Inside the London market the brokers are not going to be disconcerted by a technical requirement that they do their business in a professional manner or by the authorisation procedures. At least, few can admit to worrying about them. What is required is little more than was asked of them by the Lloyd's brokers department and later the GISC.

The biggest problem is not what the FSA is proposing to monitor; it is what the FSA is refusing to monitor - reinsurance, travel and non-EU marine, aviation and major risks. This covers a large part of the business of London market brokers.

Before they rejoice at getting rid of regulation, the smaller London market brokers need to look at the implications. The Lloyd's abdication of responsibility for regulating brokers led to a lot of consolidation as insurers reduced their lists of accepted brokers.

Will US insurers be prepared to place reinsurance through a small broker in an unregulated London market, or will they go to the big boys? Will they abandon the London market altogether? Does this mean more consolidation? Or will £25m brokerage be the minimum size to operate in the London market?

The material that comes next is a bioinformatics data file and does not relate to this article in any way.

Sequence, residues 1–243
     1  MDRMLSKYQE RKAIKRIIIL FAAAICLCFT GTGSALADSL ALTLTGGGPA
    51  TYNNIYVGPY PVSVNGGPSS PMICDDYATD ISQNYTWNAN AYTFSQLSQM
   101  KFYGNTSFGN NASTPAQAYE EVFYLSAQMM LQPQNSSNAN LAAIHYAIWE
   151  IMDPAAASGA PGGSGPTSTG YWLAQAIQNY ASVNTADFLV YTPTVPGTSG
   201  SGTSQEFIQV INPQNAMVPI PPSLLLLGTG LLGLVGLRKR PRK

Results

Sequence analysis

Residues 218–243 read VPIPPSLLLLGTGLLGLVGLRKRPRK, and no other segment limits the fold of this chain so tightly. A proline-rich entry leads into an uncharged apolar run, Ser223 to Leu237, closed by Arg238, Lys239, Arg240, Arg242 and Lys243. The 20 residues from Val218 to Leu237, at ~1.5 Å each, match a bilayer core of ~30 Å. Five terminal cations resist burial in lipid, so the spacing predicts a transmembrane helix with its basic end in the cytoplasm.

The fascinating alternative of a resuscitated Lloyd's brokers department could solve the problem if Lloyd's and the London companies are prepared to use some imagination and vision.

Until the later confrontational days, the Lloyd's brokers department was an effective community policeman, heading off a lot of trouble with little fuss or expense. On the other hand, will the long list of expensive failures in the last two years of broker regulation by Lloyd's frighten off any new regulator?

Turning to the detail of PS174, the amendment most relevant to the London market is the revision to the IBA rules. The frightening prospect of having to deal with four conflicting sets of rules and four records has receded. Brokers are now permitted to operate an old style IBA, a non-statutory trust for private as well as commercial clients. Brokers are also specifically allowed to use the same IBA for reinsurance, and probably for unregulated large non-EU business. IT firms hoping to cash in on the confusion are laying off consultants at this moment.

There are a couple of problems. It appears that the old ideas of leaving surplus funds in the IBA to earn a higher rate of interest may have to be abandoned, as excess funds can only be left there in specific circumstances. I suspect that we will manage to tailor one or more of the specific circumstances to fit the broker's requirements.

The other difficulty is that brokerage can only be withdrawn from the IBA as received. This will cause problems for many brokers who may find themselves short of cash. I suspect it will also lead to some careful interpretation of rules on instalment business. Part of the solution is to amend the policy on recognition of brokerage as income, and get the taxman to pay his share.

  • Geoff Boardman is a consultant with accountancy firm Boardman & Co